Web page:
With the heat intensifying, the Captain ordered the victim and Lieutenant to exit the structure immediately. At this point, the Lieutenant and fire fighter from Engine 1, who were on the B/C corner, recalled seeing the roof over the kitchen begin to collapse. The Captain from Rescue 32 stated that the Lieutenant turned and went in front of him toward the front door and the victim turned and was face to face with him. The Captain then turned, which placed the victim behind him, and attempted to exit. The Lieutenant stood and began to run toward the exit before falling over heavy debris (clothing, furniture, and paper products). At approximately 0147 hours, the Captain stated that heavy fire filled the hallway and he also fell to the floor. He then told the Lieutenant that they had to go through the fire to exit the structure. The Captain then proceeded to pass the Lieutenant and exit the structure. The Lieutenant exited the structure shortly after. The Captain did not see the victim exit, but assumed the victim was right behind him. He asked the Lieutenant if the victim had exited and the Lieutenant could not recall if he did.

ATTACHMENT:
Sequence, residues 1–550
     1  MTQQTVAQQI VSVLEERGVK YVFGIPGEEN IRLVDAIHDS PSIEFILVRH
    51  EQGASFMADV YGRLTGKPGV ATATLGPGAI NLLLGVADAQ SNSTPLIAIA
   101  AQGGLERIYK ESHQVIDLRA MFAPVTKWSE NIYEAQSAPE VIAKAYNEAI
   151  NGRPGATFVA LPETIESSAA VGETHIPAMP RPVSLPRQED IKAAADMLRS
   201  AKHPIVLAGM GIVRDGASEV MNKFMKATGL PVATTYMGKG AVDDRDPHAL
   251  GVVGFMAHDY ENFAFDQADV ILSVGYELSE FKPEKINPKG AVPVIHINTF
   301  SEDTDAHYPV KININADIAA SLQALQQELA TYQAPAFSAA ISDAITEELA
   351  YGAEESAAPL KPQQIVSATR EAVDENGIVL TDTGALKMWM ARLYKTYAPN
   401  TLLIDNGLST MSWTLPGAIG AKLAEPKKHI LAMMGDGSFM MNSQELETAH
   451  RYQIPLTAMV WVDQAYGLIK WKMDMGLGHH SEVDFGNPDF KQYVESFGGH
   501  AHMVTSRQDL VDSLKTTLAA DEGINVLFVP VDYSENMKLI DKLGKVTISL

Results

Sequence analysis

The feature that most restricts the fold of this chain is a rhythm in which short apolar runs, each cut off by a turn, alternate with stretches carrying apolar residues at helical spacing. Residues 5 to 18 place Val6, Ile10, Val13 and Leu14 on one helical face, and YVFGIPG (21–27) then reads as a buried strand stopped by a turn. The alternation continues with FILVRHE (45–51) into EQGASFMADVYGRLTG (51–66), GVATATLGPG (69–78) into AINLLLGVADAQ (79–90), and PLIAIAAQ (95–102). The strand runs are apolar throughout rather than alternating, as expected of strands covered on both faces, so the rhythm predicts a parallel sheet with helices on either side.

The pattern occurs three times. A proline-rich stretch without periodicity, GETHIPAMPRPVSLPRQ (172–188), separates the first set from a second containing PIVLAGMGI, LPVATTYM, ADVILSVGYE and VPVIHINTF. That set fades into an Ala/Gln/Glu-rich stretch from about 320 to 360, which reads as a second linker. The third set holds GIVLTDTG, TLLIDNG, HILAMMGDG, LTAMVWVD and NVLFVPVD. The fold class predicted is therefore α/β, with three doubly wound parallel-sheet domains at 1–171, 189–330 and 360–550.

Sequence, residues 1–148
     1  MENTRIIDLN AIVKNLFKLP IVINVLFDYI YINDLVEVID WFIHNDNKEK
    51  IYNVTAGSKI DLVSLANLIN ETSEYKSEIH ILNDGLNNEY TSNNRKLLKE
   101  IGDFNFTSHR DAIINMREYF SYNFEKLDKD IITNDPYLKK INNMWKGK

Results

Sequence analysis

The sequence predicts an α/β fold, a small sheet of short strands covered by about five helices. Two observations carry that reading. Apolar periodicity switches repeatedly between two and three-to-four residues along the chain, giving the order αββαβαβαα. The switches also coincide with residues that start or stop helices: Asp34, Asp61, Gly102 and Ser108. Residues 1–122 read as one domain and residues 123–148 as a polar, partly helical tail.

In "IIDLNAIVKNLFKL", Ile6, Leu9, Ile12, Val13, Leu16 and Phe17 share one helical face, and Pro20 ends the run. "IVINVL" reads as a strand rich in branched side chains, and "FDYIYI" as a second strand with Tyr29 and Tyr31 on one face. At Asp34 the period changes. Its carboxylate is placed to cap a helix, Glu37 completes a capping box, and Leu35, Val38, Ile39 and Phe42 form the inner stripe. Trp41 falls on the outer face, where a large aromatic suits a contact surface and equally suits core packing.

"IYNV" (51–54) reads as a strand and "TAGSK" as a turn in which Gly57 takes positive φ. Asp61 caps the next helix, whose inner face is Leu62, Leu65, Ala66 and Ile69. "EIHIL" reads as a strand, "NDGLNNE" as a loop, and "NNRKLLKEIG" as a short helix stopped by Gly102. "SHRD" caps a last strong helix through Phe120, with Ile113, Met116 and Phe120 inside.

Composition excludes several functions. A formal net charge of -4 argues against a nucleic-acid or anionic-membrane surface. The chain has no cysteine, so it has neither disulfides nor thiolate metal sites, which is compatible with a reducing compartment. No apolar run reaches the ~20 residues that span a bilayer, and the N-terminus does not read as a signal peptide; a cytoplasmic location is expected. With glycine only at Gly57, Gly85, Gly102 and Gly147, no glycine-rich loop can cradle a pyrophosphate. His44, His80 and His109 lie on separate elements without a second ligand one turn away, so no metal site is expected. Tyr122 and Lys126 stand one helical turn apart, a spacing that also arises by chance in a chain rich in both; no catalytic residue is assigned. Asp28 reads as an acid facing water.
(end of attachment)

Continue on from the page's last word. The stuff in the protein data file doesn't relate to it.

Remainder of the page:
Ensure that when the IC orders an interior fire attack or search, the fire fighters follow the SOPs for an interior attack.

Department SOPs state that when the IC initiates an interior attack or a search for civilians, the fire fighters should follow the SOPs for an offensive attack. The offensive attack should consist of fire fighters advancing one hoseline to the interior for a fast, aggressive attack, provide support activities (e.g., ventilation), complete a primary search, advance a second hoseline to the interior to back up the first hoseline, pump water, and quickly evaluate success. The SOPs should be followed to avoid simultaneous offensive and defensive attacks in the same area.